Hillger & DLR offer a more traditional method to monitor guided waves for delamination checks which is very interesting and works rather good: you excite at a fixed location with ultrasound pulses (in the range of 20KHz to 200KHz depending on your structure just to excite a guided wave) and you scan the part with a receiver, e.g. a electret microphone or if you have more money available, with the XARION laser microphone for much higher bandwidth. You get a full wave field where flaws generate specific interference patterns in the shadow of the flaw.
Check these papers for options: https://www.acoustic-camera.com/fileadmin/acoustic-camera/paper/2013_Boeck_Etal_AK_ImpactDamage_SandwichComposites.pdf, http://www.ecphm2012.com/Portals/98/BB/th2e2.pdf, http://www.idspektr.ru/10_ECNDT/reports/4_01_17.pdf
You may replace the receiver/microphone by a laser vibrometer which makes it even better to deal with curvature. Or even e shearography camera - once Dantech/Ettemmeyer sold a camera capable to do this but it has vanished from their catalogue. VEW (http://www.vew-gmbh.de/en/optical-metrology/golden-eye-shearography-system.html) still offers such a camera, sadly in the english version of the Web page they do not show the vibration loading only in the german version (http://www.vew-gmbh.de/optische-messtechnik/golden-eye-scherografie-system/piezoshaker-fuer-vibrometrieanwendungen.html), the BIAS institute publised 2 papers about the use of the VEW system:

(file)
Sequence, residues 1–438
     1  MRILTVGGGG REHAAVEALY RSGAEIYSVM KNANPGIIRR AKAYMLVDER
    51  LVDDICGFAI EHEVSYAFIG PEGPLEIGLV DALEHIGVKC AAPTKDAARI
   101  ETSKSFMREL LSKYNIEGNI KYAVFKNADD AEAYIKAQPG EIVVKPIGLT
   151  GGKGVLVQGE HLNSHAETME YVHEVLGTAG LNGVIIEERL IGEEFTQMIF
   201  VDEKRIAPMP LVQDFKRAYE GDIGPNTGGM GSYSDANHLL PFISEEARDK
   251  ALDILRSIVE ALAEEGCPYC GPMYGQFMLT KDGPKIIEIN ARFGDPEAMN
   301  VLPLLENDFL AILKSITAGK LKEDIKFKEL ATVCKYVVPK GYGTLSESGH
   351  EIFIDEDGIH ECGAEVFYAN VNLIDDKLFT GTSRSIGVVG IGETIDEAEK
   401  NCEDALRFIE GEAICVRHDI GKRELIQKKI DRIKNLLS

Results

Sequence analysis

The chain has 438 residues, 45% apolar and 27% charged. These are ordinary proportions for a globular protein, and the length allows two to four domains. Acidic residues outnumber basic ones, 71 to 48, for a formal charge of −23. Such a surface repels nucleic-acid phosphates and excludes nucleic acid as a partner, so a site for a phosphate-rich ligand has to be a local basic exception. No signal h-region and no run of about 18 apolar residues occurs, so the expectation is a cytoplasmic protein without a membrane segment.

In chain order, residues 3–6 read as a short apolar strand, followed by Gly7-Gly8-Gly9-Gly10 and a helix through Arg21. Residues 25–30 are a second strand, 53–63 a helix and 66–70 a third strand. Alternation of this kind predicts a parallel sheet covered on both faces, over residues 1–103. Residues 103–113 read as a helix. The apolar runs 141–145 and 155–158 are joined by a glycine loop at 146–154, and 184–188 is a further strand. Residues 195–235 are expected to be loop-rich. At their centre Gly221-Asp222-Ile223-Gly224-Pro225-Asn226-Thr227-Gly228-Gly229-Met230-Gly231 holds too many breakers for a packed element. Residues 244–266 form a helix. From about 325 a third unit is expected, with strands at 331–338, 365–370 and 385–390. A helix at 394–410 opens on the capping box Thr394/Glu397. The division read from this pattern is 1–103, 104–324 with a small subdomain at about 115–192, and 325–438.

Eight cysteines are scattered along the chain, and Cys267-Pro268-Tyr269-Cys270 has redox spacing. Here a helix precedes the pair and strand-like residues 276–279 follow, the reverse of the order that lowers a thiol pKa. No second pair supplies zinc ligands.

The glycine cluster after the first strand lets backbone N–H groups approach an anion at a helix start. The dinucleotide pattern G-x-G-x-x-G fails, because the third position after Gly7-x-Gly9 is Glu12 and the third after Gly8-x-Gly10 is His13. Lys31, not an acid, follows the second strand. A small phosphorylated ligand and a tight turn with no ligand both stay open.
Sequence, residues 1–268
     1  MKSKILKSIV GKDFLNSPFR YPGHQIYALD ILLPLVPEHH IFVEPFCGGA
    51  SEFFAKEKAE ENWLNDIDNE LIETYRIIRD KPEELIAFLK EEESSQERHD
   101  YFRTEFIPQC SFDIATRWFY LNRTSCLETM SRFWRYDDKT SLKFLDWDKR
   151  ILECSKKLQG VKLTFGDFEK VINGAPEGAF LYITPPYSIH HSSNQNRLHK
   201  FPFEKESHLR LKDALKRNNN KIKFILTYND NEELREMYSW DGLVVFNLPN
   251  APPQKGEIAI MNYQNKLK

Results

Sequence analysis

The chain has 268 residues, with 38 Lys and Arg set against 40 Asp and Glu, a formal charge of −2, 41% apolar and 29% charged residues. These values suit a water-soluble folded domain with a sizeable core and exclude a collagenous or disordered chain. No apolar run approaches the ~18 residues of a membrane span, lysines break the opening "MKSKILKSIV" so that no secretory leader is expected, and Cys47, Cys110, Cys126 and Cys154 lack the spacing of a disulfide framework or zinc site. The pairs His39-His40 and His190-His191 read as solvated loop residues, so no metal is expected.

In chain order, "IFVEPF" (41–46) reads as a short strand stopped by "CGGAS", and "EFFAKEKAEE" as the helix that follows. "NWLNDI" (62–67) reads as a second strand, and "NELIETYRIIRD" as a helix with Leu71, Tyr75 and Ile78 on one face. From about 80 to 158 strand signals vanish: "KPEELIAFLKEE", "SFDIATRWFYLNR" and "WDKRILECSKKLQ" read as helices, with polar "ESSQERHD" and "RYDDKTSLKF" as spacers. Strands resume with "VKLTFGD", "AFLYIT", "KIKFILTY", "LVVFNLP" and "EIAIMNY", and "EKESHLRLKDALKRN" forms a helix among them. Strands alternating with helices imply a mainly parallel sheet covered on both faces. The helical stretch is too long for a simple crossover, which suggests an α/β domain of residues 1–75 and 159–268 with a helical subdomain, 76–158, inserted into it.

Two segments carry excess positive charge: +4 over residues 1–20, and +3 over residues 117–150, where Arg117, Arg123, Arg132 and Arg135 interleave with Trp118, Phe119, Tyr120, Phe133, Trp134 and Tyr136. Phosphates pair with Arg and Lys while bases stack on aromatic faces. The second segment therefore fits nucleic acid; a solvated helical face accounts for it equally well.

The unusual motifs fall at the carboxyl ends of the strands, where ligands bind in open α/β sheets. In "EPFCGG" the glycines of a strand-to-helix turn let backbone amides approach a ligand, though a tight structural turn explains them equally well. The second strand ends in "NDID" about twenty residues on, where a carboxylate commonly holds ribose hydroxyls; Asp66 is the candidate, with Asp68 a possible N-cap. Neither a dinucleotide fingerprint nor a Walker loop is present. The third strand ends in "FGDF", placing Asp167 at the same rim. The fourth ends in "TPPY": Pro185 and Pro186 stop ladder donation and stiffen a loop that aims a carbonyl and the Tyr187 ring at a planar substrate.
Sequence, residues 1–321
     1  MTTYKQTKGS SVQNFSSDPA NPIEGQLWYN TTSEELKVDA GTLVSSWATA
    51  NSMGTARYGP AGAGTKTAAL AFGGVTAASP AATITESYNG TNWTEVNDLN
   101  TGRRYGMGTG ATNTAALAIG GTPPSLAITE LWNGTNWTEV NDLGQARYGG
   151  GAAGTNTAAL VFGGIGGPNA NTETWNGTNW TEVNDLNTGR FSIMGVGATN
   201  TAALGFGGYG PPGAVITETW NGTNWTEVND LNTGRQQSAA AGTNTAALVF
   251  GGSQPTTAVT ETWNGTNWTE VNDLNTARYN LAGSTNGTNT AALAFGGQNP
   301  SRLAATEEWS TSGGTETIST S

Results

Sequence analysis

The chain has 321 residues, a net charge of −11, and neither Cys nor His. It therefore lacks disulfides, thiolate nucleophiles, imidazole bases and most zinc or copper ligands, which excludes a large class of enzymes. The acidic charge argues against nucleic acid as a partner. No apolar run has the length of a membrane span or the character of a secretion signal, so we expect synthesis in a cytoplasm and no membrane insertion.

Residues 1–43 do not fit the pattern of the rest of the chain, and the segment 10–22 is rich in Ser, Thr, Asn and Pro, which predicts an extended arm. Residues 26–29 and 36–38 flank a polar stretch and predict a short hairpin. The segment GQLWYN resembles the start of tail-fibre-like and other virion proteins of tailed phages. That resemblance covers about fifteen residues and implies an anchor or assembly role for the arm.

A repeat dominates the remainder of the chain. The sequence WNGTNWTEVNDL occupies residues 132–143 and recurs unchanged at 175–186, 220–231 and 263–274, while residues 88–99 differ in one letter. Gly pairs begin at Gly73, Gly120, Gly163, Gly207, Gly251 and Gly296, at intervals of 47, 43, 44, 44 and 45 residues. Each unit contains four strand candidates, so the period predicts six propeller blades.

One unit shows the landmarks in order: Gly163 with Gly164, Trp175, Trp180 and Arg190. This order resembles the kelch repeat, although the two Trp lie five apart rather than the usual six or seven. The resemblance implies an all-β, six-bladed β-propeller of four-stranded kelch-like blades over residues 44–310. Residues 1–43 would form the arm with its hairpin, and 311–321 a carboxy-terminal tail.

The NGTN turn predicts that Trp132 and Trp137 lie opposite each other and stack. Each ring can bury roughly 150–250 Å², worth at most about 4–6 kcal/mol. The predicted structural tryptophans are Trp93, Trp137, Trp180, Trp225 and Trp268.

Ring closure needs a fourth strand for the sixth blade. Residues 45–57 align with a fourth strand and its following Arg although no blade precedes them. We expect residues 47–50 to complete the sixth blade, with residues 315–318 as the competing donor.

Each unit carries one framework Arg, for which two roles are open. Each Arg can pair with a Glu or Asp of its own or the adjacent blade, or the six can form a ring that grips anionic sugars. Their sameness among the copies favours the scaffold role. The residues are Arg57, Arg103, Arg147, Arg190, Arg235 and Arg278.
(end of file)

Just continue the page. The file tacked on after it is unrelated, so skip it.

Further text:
https://pdfs.semanticscholar.org/6f6f/7c57d3972ae2d6469c1b3701c0461dca21af.pdf see paragraph 4.5 Application: Measurement of defects with Lamb waves
https://www.ndt.net/article/laser-ut2008/papers/Focke%20LU2008.pdf

As said, check also thermography, my favorite are the systems from EDEVIS (https://www.edevis.com/content/de/thermography.php) or from AT-Automation Technology - C-CheckIR (https://www.automationtechnology.de/cms/en/mobile-ndt-systems-for-maintenance/), the last is a standard system for some Airbus maintenance inspections (https://www.yumpu.com/en/document/read/23019150/modular-concept).

Finally i coukd imagine, that it is possible with certain resonance methods (MIA, Bondmaster) using couplant free sensors to detect the flaws you need to detect, but usually the minimum size of flaws you can detect is much larger as with conventional UT - you may check out with Olympus Bondmaster, NDT Systems Bondascope, and comparable systems. For automatic scanning you will need a robotic system - so again an costly solution.